Knowing how to motivate people is a skill. It is something all managers strive to do and something that, done well, can have a huge impact on employee engagement.
Before starting to develop your motivational skills, there is one key question to ask yourself first......do you know what motivation is?
Motivation is something that drives people to do something, take action or achieve goals.
For people that lack motivation it can feel very difficult to do or finish something. This can involve someone procrastinating so as to avoid doing a certain task or piece of work, or doing it poorly so not being required to complete the task.
At any one time you may find that that you are motivated to do some things and less motivated to do others. How you deal with the latter can be very difficult.
There are many definitions of what motivation is, I like to think that it is simply to get someone to do their best.
Everyone has different motivations. Some people like a challenge, some like to learn new skills and stretch their knowledge or experience, others may be motivated by money.
The key for any leader is to build strong working relationships with your team(s) so that you can better understand what their motivations are.
Motivate and Engage
Consider a task that you have on your 'to do' list that you have been putting off. This is likely to be due to lack of motivation for the given task. So why are you lacking motivation? It could simply be a 'mundane task', it could be something you don't enjoy or it may be something you don't agree with doing.
Whatever the reason, it is important to recognise these responses/reactions in your employees. Think about what will motivate them, but also, what will de-motivate them.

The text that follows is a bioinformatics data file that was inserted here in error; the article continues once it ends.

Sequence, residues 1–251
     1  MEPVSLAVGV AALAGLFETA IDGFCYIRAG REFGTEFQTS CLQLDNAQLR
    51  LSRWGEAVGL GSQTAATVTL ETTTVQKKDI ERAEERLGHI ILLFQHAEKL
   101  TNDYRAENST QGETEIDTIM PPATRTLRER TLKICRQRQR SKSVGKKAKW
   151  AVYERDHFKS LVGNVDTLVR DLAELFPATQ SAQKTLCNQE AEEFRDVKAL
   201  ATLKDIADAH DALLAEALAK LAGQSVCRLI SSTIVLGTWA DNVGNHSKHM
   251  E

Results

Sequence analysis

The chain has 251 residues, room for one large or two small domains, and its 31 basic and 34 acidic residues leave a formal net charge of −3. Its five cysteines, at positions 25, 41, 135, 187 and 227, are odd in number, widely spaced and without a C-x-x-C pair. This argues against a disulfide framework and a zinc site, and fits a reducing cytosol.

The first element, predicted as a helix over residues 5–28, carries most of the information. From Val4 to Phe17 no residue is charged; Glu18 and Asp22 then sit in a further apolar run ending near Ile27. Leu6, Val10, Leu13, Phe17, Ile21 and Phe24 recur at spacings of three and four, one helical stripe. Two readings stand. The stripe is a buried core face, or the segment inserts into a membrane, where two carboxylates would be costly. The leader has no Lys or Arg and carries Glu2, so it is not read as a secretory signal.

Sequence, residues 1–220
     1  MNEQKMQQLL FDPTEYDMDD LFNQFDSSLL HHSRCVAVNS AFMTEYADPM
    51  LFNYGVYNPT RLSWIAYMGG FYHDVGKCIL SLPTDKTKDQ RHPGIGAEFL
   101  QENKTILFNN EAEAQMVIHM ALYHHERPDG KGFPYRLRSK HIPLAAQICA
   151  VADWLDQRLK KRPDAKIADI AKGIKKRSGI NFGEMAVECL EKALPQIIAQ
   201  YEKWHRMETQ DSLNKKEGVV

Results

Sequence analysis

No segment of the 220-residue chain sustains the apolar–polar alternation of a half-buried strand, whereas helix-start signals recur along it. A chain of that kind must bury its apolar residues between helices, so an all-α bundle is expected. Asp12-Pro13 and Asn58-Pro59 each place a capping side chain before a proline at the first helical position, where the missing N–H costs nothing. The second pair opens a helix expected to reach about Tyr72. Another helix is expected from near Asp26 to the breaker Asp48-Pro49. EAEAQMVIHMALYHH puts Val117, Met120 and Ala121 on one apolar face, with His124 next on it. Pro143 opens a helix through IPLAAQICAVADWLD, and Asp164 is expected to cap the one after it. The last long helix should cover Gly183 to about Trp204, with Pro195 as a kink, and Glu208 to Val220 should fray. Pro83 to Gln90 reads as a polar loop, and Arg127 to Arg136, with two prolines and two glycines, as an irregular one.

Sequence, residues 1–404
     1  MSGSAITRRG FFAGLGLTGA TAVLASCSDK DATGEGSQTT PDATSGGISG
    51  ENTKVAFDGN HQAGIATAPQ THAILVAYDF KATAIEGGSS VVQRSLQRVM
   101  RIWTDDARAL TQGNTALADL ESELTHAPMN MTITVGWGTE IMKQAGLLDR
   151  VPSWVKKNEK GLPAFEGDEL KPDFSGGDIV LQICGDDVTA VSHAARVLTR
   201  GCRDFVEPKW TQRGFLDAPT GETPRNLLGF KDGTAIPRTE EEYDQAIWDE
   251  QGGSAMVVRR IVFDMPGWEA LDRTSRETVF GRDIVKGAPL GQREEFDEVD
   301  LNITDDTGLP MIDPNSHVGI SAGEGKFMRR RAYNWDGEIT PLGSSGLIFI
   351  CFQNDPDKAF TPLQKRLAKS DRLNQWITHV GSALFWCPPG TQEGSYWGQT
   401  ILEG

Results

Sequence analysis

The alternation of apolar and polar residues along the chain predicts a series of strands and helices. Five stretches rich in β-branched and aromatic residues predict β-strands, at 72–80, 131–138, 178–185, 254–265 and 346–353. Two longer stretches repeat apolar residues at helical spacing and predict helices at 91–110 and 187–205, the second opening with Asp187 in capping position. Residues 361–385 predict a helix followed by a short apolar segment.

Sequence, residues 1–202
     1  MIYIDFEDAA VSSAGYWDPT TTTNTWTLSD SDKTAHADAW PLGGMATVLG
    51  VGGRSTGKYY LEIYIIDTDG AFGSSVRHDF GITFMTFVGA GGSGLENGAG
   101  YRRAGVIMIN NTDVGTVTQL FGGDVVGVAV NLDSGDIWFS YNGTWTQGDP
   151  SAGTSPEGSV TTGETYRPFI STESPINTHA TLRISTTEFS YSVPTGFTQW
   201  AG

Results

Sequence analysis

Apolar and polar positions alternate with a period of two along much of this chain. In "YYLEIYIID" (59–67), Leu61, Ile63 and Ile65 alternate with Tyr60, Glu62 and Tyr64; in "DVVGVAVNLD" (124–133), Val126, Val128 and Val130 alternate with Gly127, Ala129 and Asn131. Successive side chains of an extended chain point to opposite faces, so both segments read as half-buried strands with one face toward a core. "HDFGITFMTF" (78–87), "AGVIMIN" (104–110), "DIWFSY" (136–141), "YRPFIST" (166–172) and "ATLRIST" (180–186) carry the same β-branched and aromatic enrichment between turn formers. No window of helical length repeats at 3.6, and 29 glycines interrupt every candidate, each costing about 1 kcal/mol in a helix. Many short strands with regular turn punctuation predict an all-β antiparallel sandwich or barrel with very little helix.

Providing your employees with tasks that motivate them will create greater engagement from them with the task in hand. Tasks that stretch and challenge employees can have this positive effect.
Now consider a day when you have got home and thought 'that was a good day'. Also, when you have got home and thought 'what a rubbish/bad day'.
Think about what made it good or bad. Many times, this will somehow be connected to your manager/leader. It may be that they haven't provided you with feedback, they may have given someone else a task you really wanted, they may not have recognised an excellent piece of work you completed. Whatever the reason, there is sometimes/usually a link.
That's why you, as managers or leaders really need to develop the relationships with your team(s) so that you know and understand what motivates them.
Consider your current team(s), are there individuals who are motivated by praise/recognition; being challenged; money; being trusted with an important task etc?
Whatever their motivations, once you understand these, you will unlock a great skill of increasing employee engagement and high performance.
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